so The Book of Life has a Mexican mariachi version of “I Will Wait” by fucking Mumford and Sons
this movie is a cinematic masterpiece
[ check out this science lesson *guitar rift* ]
What is going on right now
I SWEAR TO FUCKING GOD
Pearlcest fuck yeh
[ my otps ]
I fucking can’t believe
[ kickflips into space ]
the only ship anyone really needs
cool thing: headcanoning pearl with ocd/anxiety
uncool thing: saying that pearl “is so ocd” as a joke
And above we see one of the few non-slut-shaming bisexual jokes ever made in television history.
we have to put our trust in to bob’s burgers, people
The processing felt like it took a year to do. The stack of paperwork to fill out made it feel as though she were purchasing something. The doctors with the same aging faces and condescending tones. She couldn’t stand the barren walls. She couldn’t stand the cleaning agent smell that coated everything in the hospital, and how everyone inside were treated like ticking bombs and not human beings.
But they were home now. It was late and her stomach was clenching in protest but food was the last thing on her mind. She was home now. And there was nothing that was going to take her away again. She would make sure of it.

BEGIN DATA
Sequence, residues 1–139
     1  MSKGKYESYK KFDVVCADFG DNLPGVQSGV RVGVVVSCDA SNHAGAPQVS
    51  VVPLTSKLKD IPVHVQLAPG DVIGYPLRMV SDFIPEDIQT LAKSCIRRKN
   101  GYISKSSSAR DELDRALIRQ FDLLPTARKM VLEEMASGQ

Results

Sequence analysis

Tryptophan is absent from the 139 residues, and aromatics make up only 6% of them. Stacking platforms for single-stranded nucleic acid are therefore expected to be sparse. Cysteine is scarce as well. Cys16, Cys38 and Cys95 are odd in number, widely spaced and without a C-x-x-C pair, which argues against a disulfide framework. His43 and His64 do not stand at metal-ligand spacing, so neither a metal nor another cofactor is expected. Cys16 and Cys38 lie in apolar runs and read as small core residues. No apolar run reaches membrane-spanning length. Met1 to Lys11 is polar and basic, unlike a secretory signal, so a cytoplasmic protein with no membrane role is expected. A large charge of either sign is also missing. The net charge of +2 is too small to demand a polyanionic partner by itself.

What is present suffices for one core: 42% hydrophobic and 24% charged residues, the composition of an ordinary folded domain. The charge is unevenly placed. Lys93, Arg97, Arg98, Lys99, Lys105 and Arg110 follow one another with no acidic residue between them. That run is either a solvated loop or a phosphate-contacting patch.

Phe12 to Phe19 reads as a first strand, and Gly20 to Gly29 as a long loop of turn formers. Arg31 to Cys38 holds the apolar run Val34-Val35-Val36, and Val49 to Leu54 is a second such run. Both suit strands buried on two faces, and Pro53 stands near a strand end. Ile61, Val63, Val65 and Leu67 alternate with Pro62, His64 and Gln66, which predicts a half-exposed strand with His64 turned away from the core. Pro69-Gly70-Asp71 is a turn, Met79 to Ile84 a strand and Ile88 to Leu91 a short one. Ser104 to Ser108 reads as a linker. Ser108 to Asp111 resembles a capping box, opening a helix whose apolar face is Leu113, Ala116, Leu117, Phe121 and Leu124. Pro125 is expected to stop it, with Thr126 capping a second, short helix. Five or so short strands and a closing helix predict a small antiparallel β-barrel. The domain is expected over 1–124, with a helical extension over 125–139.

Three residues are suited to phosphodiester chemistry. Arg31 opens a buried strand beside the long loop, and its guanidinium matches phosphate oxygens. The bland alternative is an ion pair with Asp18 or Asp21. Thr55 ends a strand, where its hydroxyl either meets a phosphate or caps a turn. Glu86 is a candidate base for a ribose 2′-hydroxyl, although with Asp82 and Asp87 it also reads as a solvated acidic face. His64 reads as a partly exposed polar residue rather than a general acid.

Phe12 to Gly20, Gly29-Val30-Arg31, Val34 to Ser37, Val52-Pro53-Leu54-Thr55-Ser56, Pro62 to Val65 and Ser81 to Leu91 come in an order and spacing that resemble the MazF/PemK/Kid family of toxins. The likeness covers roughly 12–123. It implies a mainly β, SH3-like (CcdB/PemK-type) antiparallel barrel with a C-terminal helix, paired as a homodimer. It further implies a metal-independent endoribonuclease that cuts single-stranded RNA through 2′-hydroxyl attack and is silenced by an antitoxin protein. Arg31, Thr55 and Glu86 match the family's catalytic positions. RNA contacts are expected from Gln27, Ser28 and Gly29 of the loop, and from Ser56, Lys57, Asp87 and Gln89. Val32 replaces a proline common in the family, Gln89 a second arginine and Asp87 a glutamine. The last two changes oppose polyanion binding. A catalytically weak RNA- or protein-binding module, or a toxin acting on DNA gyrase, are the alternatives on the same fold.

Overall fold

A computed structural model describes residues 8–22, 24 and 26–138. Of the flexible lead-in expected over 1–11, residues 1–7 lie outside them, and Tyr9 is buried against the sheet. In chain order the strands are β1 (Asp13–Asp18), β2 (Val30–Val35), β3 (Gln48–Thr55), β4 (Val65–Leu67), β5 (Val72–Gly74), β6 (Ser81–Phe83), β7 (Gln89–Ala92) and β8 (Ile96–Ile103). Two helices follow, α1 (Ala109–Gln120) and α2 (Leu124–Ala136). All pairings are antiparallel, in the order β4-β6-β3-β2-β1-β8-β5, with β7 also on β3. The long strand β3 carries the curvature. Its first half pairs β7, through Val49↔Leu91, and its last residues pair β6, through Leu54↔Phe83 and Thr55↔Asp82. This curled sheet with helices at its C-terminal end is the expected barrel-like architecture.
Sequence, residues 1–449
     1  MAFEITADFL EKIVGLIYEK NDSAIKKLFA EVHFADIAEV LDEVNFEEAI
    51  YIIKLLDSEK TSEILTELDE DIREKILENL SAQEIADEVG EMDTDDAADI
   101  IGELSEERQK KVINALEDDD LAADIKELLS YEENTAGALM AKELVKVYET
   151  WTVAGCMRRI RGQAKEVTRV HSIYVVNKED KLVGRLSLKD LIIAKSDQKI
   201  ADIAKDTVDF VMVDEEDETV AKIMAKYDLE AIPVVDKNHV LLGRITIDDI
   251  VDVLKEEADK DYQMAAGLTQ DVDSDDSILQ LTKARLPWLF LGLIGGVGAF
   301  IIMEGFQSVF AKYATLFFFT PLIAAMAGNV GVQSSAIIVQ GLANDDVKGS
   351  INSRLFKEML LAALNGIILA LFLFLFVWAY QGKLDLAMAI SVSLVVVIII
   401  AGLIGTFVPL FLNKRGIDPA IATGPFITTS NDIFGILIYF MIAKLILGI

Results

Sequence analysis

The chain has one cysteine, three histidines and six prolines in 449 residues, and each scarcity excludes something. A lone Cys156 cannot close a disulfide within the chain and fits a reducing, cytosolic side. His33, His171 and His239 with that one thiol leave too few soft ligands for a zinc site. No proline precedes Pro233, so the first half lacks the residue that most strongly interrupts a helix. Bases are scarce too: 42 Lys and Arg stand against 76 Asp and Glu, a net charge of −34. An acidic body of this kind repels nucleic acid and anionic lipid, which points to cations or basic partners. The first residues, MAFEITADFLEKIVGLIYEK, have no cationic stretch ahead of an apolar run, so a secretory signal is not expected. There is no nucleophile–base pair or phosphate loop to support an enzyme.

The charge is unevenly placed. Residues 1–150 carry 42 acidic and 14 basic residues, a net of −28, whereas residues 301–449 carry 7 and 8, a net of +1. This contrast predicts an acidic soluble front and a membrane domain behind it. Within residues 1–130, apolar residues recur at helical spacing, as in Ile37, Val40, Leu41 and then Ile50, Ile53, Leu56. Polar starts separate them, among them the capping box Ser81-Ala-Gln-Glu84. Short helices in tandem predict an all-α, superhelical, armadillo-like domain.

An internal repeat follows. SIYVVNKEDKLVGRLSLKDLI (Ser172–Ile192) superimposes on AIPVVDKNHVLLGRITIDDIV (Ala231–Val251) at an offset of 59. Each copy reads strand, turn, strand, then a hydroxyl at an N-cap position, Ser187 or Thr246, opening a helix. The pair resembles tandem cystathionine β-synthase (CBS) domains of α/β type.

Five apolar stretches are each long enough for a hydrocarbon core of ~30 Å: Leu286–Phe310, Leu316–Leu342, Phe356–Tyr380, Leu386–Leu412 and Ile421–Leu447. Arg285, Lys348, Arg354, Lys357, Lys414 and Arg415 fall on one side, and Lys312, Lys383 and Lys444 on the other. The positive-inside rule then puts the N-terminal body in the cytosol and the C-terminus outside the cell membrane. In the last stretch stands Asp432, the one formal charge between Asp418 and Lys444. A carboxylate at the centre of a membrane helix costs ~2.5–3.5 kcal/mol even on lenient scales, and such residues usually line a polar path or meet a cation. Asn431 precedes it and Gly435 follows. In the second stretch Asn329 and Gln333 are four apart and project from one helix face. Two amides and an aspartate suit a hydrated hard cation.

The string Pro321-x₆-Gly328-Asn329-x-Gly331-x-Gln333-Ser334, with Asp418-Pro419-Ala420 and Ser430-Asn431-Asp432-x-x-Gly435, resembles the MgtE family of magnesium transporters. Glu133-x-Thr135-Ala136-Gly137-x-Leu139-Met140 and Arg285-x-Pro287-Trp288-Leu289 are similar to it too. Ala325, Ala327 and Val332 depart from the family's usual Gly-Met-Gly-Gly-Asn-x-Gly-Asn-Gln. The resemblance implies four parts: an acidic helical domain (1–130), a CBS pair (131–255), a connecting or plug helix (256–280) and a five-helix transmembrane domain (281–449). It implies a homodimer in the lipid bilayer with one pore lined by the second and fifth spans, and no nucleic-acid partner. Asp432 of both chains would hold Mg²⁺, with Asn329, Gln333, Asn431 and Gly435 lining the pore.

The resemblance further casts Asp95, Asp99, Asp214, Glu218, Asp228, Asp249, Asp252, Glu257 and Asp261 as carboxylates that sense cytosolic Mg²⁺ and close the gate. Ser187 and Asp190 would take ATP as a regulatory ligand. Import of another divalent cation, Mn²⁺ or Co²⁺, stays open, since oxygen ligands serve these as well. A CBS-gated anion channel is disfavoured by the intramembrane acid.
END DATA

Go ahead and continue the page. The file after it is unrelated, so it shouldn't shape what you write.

"I tried to keep it as it was when you…—I, uh. I did have an accident. But it was a good excuse to get a new rug! I think it matches the rest of the place well," she babbled in an effort to reduce the tense silence between them. She held her lovers hand as tight as she could without hurting her, unable to peel away from the comforting touch. No matter how changed it was.
The apartment itself was very clean, perhaps cleaner than it had been before the beginning. Coats hung neatly in a row on the wall, and the shoes were tucked away into precise cubbies. She flicked the lights on immediately, then began removing her jacket.
"Are you hungry? I can make you something," she asked.
It felt like decades since she had been taken into the mental hospital. It had only really been a few years, but each day that passed was agonizing. They had treated her like she deserved to be in a prison, instead of a hospital. Like a criminal instead of a patient.
It wasn’t her fault that she did those things. It was her hands that had been caught stained with blood, but her captors never saw who was controlling those shaky hands.
Each visit went by far too quick. In a second, the one person who brought her happiness was gone. She was alone again. Her frequent hallucinations provided the only form of company.
But now she was home. She was finally home. They had managed to “cure” her.
She acknowledged the rug with a small nod. In response to the question, she shook her head.